SeaWorld Orlando opens new coral reef center dedicated to conservation

New center aims to repopulate Florida’s coral reef

ORLANDO, Fla. – SeaWorld Orlando opened a new state-of-the-art rescue center aiming to repopulate Florida’s coral reef.

The new Coral Rescue Center is one of the largest facilities in the country dedicated to coral conservation.

“The state-of-the-art rescue facility provides the public with a unique opportunity to observe and interact with coral biologists as they carry out daily husbandry for ‘at risk’ Florida corals. The center provides an important way to view living corals up close, learn more about conservation, and understand the steps everyone can take to make a difference in ocean health,” SeaWorld said in a release.


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Visitors can view 350 coral colonies and 15 species of at-risk coral.

Warmer ocean waters, boat strikes and a mysterious illness called Stoney Coral Tissue Loss are threatening coral’s existence.

Their death has resulted in the deaths of entire ecosystems, and the continued demise of coral reefs offshore could weaken Florida’s defenses against stronger hurricanes.

“The new SeaWorld Coral Rescue Center represents another significant commitment to protect and conserve coral reefs and the Center enables the public to get a close-up look at our work as we provide exceptional care in a safe haven for vulnerable corals as the conservation community works together to restore our vital coral reef system,” Jim Kinsler, zoological curator at SeaWorld Orlando and manager of the Florida Coral Rescue Center in Orlando, said in a release. “By raising awareness about the importance of corals and their role in the environment, we hope to ignite a passion for conservation in our visitors, empowering them to become ambassadors for the protection and preservation of Florida’s corals.”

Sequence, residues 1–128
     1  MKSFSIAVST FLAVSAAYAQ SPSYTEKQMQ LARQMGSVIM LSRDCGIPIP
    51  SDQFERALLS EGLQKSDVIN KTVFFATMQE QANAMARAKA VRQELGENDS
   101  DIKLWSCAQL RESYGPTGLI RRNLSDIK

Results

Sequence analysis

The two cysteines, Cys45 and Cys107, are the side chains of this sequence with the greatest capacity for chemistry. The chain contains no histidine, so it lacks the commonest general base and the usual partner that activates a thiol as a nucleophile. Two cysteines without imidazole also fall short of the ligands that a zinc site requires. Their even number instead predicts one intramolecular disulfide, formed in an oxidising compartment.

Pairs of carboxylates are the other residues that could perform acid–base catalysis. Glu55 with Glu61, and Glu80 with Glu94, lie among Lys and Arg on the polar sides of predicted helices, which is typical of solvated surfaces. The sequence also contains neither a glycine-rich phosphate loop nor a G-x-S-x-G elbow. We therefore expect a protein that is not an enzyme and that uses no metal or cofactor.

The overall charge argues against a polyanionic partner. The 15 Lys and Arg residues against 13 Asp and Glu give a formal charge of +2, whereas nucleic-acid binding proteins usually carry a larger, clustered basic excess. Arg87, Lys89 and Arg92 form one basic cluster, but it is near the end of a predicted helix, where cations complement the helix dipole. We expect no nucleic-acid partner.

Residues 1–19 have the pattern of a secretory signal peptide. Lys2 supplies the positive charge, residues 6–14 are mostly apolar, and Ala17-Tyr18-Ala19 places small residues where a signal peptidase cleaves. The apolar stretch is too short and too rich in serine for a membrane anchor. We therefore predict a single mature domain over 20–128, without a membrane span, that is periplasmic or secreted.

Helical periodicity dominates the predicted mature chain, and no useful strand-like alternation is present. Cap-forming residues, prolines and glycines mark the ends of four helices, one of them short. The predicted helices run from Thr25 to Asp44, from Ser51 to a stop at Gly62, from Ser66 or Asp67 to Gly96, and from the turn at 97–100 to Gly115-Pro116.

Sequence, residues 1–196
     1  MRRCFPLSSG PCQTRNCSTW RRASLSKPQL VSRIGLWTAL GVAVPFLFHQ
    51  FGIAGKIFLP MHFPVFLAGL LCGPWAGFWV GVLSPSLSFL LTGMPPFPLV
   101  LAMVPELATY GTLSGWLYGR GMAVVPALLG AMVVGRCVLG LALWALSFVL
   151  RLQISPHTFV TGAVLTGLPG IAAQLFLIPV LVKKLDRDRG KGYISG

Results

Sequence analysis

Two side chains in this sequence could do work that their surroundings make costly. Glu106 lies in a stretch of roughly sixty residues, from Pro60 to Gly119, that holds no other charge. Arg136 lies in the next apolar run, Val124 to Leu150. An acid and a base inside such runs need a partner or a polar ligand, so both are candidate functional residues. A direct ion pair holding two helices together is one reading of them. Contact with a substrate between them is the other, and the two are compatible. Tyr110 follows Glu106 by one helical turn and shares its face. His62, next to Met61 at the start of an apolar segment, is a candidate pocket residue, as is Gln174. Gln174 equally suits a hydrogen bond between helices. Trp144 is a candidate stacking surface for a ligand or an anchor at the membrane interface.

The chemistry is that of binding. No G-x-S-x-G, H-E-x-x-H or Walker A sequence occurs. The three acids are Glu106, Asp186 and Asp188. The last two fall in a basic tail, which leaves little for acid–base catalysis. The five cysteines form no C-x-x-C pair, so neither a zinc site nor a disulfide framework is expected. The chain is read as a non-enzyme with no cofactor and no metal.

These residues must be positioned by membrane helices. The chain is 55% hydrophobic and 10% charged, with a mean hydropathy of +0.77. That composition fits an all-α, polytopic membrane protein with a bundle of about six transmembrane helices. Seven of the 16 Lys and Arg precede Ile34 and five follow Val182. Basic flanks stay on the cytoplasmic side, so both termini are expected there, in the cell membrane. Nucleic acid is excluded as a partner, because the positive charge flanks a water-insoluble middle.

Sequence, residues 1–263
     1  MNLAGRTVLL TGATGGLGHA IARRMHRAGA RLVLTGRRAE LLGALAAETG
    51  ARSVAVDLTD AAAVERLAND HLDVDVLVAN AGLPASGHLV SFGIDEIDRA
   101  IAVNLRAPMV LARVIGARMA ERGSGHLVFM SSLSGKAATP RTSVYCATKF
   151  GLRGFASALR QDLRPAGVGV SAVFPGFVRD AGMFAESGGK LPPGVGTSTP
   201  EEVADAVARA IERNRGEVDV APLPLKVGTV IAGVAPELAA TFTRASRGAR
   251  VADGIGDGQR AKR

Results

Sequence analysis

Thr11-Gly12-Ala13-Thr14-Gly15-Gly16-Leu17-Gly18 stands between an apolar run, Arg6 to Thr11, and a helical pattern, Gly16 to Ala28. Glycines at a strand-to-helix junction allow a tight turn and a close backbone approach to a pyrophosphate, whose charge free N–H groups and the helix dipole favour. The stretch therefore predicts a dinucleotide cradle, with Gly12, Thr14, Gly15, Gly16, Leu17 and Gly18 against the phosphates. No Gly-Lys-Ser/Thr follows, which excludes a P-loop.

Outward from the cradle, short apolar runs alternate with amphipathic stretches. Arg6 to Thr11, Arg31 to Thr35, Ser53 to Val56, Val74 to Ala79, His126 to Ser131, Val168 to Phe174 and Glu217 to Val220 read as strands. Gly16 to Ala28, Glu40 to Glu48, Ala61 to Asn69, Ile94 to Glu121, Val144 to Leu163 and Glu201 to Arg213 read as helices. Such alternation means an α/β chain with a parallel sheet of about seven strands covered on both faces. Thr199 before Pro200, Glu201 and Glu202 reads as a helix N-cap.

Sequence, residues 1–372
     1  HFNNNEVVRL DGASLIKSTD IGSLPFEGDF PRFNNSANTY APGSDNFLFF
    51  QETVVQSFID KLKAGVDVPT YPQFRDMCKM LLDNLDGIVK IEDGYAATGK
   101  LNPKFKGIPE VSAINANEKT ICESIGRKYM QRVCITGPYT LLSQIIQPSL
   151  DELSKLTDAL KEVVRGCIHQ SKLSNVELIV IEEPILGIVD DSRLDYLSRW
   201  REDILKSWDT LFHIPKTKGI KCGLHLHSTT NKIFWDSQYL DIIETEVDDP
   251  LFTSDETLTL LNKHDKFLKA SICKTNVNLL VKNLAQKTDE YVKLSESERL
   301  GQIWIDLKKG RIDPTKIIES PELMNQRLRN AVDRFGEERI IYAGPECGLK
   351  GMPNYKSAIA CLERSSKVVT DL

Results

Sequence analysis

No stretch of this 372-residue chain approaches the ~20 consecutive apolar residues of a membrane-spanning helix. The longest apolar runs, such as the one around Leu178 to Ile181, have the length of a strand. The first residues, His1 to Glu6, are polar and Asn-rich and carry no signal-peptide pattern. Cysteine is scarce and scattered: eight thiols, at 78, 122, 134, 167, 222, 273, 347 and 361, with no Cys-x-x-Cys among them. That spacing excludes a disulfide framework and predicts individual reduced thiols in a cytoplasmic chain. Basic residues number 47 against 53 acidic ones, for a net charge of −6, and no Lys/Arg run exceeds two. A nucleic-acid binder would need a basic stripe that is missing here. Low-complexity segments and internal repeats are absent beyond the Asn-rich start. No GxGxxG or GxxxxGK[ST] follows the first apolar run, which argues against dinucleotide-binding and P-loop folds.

The corals that guests can view at the new center were transferred from the Florida Coral Rescue Center with the goal of returning to the Florida reef.


For two years, News 6 has investigated the rescue efforts, including the work being done at the Florida Coral Rescue Center in Florida.

It’s a collaborative project, which brought together SeaWorld, Disney and other organizations.

At a nondescript warehouse in Orlando, researchers take healthy coral and let them spawn in a controlled environment with the hope of returning them to the ocean.

Now, that research is spilling over to SeaWorld Orlando’s theme park.

“We have a very serious disease right off our coastline, and it’s making its way through the Caribbean, and action needed to be taken,” Jim Kinsler said.

Kinsler is SeaWorld Orlando’s Aquarium Curator, and he is overseeing the project.

“We would like to have these corals spawn in our care and actually take their offspring and replant them back on the Florida reef track,” he said. “It would be that full circle of this rescue program.”

Democratic Rep. Darren Soto and Republican Sen. Marco Rubio collaborated on the Restoring Resilient Reefs Act, which passed last year.

It now earmarks $45 million each year for coral rescue efforts.

“Forty-five million a year for the whole nation isn’t going to fix everything on its own,” Soto said. “Remember, we have Florida, Puerto Rico, Hawaii, and several other territories that have reefs.”

The National Oceanic and Atmospheric Administration (NOAA) is determining which organizations will get that money.

In the meantime, SeaWorld is hoping families will use part of their summer to spend some time with these coral and learn how they can help be part of the solution.

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About the Authors:

Brenda Argueta is a digital journalist who joined in March 2021. She graduated from UCF and returned to Central Florida after working in Colorado.

Erik Sandoval joined the News 6 team as a reporter in May 2013 and became an Investigator in 2020. During his time at News 6, Erik has covered several major stories, including the 2016 Presidential campaign. He was also one of the first reporters live on the air at the Pulse Nightclub shooting.